Morning Star, Scotland Place c.1900
Patrick Byrne Fountain before removal, 1971
Patrick Byrne Fountain after removal to Pownall Square, 1973
In my last post, I bemoaned the apparent loss of the aluminium statue that once graced the Palais de Luxe in Lime Street. It might not have been a masterpiece but its disappearance is in keeping with the loss of a number of statues and ornaments that could have been saved with a more respectful approach. The single greatest loss is the sculpture by Charles Cockerell that once filled the tympanum on St George’s Hall. In their lack of wisdom, the Council decided it was unsafe and had it removed and, scandalously turned into hardcore. Another loss was the fine basalt pillar that once graced the entry to the Mersey Tunnel. Fortunately, the pillar at Birkenhead survives.
The fountain to Patrick Byrne does survive in a very much reduced form in the graveyard of St Anthony’s Church in Scotland Road. The base was rescued and turned into a memorial, although the handsome pillars were lost in the 1970s. Dandy Pat deserves much better – and his story is an essential part of Liverpool’s Irish heritage. His relatively short life (1845-1890) was full on achievement. Arriving penniless in Liverpool from County Wexford at the age of 17, he found work on the docks. Saving any spare money, he bought his way into the licensed trade, soon owning the lavish Morning Star public house in Scotland Place. His sobriquet, Dandy Pat, was in recognition of his smart and somewhat ostentatious dress sense.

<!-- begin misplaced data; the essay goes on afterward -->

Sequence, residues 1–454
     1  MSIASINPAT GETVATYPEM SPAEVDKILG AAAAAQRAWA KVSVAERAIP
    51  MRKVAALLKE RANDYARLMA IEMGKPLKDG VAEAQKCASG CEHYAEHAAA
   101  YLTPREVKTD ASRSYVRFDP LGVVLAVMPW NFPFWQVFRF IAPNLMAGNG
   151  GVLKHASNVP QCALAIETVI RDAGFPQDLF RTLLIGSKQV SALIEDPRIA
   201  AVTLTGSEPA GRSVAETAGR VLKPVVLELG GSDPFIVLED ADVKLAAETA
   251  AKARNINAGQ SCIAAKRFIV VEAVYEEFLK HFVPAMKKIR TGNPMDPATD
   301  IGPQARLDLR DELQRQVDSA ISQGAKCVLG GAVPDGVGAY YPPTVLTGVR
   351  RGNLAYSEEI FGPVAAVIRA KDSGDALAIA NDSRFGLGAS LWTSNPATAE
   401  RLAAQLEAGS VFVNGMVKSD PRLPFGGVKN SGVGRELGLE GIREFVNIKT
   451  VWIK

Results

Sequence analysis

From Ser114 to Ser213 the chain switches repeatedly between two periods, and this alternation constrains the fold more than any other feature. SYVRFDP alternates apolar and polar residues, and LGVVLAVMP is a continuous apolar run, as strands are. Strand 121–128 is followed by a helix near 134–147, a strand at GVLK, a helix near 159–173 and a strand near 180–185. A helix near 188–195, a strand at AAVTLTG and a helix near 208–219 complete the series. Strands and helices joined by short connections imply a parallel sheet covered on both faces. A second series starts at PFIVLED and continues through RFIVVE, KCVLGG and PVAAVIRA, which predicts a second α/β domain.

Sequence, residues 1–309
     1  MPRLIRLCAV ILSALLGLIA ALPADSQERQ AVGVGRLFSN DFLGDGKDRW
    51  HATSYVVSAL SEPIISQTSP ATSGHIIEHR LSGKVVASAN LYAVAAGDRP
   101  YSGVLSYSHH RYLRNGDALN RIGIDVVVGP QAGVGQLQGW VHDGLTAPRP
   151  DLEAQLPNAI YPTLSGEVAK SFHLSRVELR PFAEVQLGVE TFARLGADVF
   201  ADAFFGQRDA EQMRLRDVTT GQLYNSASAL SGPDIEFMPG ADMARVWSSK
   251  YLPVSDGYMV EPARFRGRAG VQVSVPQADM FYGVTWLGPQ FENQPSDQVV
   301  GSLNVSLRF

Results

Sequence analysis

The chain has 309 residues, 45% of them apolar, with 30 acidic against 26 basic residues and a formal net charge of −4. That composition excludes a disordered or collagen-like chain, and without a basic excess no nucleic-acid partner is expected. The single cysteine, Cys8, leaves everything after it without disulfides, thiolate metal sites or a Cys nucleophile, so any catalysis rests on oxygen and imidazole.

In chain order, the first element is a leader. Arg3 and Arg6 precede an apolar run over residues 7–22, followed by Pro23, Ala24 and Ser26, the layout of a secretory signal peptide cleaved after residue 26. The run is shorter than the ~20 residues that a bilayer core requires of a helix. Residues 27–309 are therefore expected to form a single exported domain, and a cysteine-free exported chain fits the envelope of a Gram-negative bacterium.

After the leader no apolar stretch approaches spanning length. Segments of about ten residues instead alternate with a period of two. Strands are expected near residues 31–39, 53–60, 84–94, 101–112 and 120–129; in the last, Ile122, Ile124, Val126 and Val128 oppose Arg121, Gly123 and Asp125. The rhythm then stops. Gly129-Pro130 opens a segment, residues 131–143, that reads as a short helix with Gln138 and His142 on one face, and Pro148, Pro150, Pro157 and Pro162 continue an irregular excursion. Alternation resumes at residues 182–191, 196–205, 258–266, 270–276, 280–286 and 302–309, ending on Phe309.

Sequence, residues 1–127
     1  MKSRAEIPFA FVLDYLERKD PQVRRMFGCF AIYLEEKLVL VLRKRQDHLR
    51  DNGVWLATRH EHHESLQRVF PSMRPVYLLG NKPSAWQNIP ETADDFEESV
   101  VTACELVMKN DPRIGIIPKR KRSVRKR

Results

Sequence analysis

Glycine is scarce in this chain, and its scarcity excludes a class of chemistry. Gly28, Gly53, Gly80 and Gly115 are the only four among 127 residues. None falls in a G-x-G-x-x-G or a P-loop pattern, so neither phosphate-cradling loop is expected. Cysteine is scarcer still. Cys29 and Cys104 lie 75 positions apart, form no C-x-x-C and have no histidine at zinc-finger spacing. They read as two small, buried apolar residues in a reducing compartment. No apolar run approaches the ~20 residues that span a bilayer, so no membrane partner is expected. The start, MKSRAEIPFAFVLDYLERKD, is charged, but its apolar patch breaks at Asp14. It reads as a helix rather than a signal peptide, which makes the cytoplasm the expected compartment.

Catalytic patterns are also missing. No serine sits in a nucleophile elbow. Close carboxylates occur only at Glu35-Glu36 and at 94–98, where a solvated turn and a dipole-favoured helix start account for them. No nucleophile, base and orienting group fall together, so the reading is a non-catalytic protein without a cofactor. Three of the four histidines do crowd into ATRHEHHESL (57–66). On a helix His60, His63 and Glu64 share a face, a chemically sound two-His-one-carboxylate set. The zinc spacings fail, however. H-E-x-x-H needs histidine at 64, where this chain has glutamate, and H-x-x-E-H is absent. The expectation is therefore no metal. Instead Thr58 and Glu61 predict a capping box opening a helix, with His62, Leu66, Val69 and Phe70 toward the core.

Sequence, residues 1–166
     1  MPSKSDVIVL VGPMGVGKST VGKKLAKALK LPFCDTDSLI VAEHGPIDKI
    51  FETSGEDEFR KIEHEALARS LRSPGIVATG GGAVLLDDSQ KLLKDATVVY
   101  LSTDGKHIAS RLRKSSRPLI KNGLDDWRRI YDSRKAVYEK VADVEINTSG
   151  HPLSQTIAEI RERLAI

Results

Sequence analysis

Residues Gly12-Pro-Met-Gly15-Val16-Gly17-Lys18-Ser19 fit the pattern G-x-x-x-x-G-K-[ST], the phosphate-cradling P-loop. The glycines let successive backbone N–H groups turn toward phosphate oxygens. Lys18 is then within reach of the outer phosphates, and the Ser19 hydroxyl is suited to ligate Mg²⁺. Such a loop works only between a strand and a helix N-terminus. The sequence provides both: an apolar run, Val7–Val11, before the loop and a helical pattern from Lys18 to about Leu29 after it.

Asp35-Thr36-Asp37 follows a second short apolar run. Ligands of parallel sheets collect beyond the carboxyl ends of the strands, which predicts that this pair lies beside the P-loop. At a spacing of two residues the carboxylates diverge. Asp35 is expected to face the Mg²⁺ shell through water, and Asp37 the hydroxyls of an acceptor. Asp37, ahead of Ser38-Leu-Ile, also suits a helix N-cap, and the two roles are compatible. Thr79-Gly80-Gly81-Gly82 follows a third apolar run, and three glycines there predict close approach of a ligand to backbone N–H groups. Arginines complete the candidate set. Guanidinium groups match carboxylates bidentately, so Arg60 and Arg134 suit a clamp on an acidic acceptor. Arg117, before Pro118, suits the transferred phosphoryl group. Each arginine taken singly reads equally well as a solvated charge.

A shrewd businessman, he was also a strong figurehead for his community, becoming an Irish Nationalist councillor for one of the two Scotland wards in Liverpool. He was a constant fighter against injustice and a benefactor to many Catholic charities. The fountain was erected from public donations and it is a sad reflection of the lack of care for his contribution to Liverpool that this important monument was treated with such a lack of respect. There is precious little to show of that great wave of Irish immigration that changed the character of Liverpool so fundamentally. I worked on an Irish Heritage trail some years ago – but it was eventually abandoned because so much of it had been destroyed, such as the birthplace of James Larkin, a revered figure in contemporary Irish history), or the original wash-house built for Kitty Wilkinson in Upper Frederick Street.
It’s all too late now but what a draw an Irish heritage trail would have been as part of the tourist mix. There really is a lack of imagination in the corridors of power.